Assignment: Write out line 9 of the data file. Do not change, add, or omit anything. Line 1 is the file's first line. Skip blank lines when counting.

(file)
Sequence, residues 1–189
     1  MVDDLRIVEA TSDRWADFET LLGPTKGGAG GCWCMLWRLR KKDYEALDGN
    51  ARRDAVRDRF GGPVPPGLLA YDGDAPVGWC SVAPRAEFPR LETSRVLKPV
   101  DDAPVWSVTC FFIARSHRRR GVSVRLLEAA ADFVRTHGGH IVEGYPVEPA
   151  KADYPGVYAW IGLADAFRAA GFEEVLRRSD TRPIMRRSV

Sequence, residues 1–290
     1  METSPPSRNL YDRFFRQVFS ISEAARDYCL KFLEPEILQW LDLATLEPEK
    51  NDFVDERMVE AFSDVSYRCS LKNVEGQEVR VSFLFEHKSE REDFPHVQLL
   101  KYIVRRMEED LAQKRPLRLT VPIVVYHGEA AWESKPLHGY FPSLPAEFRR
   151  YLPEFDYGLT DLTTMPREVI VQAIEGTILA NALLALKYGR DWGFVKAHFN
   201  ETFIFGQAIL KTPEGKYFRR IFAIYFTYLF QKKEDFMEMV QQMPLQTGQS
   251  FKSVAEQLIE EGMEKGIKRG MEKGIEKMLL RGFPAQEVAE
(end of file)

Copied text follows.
   101  KYIVRRMEED LAQKRPLRLT VPIVVYHGEA AWESKPLHGY FPSLPAEFRR